When unsure whether you suffer from a virus or bacteria, just take a snapshot of your immune system. So say American researchers, who are developing a blood test that could save millions, prevent pandemics and cut back on wrongly prescribed medication.
The crux of the problem is that symptoms are not enough for a diagnosis. The doctor’s only weapon is to prescribe a test which detects a certain pathogen. Presently, the test is usually chosen based on common sense, e.g. “is there currently a flu epidemic?” And if the usual suspects do not show up, additional testing – which may take days – is necessary.
Correct identification of ‘signatures’ in every affliction is in this case necessary. Here is the solution the Duke researchers came up with: photographing gene activity at the onset of infection. Before a person even feels the first symptoms of an illness, sets of genes are dispatched by the organism to battle it. But a viral infection is fought with a different set of genes than a bacterial one, for instance. This also leads to differing RNA and protein formations, otherwise known as a genetic fingerprint.
With this information doctors will be able to identify and diagnose diseases correctly and in time, prevent pandemics, possibly recognize infections at the incubation stage, as well as dramatically cut back on erroneous prescriptions.
For instance, knowing that an infection is not a virus automatically rules out antibiotics as treatment. And it is becoming common knowledge that germs mutate and become resistant to antibiotics. Drug-resistant germs are the cause of over 23,000 deaths annually. And when dangerous viruses, such as the new MERS, begin to spread rapidly, a revolutionary technique like genetic fingerprinting could be a solution in the future.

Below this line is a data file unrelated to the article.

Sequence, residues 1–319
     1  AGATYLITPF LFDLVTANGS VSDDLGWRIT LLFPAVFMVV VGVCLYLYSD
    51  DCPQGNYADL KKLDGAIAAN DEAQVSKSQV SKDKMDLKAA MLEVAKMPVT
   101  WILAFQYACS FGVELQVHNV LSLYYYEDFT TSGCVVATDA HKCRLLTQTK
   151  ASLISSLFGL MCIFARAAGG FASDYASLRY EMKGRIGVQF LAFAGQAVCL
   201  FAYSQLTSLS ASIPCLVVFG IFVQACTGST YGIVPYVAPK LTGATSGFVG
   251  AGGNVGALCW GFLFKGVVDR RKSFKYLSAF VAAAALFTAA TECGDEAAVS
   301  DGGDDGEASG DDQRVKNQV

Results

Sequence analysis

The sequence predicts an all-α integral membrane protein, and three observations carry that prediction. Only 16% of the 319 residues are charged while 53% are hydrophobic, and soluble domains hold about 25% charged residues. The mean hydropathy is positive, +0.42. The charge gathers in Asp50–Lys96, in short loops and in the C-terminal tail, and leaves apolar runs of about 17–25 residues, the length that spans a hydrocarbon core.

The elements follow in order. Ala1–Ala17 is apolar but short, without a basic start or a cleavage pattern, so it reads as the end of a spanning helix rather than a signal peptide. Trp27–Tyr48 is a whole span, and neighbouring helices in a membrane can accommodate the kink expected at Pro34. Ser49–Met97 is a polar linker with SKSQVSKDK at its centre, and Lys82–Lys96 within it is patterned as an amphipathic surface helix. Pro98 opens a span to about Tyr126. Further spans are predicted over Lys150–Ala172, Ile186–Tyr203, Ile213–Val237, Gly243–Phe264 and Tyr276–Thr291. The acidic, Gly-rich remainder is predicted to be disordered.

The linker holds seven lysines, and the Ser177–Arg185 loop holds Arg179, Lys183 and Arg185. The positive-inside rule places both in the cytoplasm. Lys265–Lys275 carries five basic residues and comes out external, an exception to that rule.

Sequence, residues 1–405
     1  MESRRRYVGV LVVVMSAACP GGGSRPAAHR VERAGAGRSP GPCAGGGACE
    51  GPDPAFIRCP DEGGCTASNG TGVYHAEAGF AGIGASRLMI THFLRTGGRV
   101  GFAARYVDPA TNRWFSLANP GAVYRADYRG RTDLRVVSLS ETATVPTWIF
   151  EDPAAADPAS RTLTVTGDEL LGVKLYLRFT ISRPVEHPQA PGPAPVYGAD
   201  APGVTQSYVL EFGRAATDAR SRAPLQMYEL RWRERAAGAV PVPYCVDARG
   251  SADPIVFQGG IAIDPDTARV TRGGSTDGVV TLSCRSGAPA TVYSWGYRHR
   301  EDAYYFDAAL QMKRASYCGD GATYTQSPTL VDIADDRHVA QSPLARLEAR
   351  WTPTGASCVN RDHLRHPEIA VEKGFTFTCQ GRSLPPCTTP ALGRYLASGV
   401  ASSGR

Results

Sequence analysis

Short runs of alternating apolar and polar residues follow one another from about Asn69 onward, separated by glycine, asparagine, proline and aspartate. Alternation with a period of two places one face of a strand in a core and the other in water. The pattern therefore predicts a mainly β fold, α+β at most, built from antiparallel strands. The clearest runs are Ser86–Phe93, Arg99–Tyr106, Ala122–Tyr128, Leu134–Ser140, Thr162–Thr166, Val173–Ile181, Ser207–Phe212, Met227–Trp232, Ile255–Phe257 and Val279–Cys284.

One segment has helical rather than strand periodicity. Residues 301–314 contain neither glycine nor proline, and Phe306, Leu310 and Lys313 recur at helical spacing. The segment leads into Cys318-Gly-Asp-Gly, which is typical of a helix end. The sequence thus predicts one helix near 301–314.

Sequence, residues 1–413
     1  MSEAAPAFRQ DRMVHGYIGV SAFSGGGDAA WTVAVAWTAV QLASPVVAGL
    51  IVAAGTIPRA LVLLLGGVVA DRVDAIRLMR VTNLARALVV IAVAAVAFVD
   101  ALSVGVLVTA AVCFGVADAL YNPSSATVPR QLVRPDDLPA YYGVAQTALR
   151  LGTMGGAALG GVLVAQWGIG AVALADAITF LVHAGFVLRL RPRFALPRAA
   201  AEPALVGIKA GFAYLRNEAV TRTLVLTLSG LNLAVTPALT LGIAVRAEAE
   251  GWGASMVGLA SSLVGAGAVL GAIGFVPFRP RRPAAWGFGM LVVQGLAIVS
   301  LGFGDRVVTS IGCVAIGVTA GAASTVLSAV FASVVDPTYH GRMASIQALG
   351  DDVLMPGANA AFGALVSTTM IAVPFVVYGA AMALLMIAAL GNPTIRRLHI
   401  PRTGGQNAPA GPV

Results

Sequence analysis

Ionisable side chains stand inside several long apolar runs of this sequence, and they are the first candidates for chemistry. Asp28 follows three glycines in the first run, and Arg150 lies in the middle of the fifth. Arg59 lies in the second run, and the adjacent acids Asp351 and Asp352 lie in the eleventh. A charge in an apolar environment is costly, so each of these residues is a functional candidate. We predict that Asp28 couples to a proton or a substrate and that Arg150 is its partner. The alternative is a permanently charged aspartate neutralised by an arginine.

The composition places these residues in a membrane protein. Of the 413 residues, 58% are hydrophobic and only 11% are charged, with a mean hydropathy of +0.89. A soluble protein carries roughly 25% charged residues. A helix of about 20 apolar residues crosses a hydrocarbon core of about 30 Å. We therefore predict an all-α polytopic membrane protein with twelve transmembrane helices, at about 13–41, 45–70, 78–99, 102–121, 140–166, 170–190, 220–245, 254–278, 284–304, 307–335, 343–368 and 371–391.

Dr. Geoffrey Ginsburg, who is the head of genomic medicine at Duke University, told the Associated Press that the “viral signature could be quite powerful, and may be a game-changer.” On Wednesday, his team got results back from a 102-person study that proves the new test works.
Dr. Aimee Zaas, who is lead researcher at Duke, explains how the new test works. The Duke team recognized 30 genes that switch on during a viral attack. This led the scientists to the idea of taking a still of their activity at the time of infection or “what those genes are doing at the moment in time that it’s captured.”
Concrete evidence of a viral signature was first spotted in people who volunteered to be infected with differing strains of flu for the experiment. For a more real comparison, researchers then took blood samples from previously sick walk-in patients who were diagnosed much later.
The results of the genome test proved remarkably accurate: in 89 percent of the cases a viral signature showed itself to be distinct from a bacterial one, according to Zaas’ Wednesday report in the Science Translational Medicine journal. Her results took about 12 hours. Now, everyone’s hope is to speed that up to being almost instant, the way in-office tests work.
As Dr. Octavio Ramilo of Nationwide Children’s Hospital in Columbus (Ohio) pointed out, children are usually the first victims of slow diagnosis, because “in the beginning [virus and bacteria] look completely alike.” Therefore, he agrees that this is groundbreaking and predicts that the Duke team will come up with a working, widely used procedure within five years.
Ramilo, whose research runs parallel to the Duke discoveries, has decided to take their finds a step further. One very pressing problem is diagnosing and saving infants with serious bacterial infections in time. To do this, Ramilo has taken a sample of 22 pediatric emergency rooms to attempt to extrapolate a fraction of high-risk babies that need an extensive set of tests. Because this is currently the default procedure for any infant with fever, the success of genetic fingerprinting could drastically cut waiting time.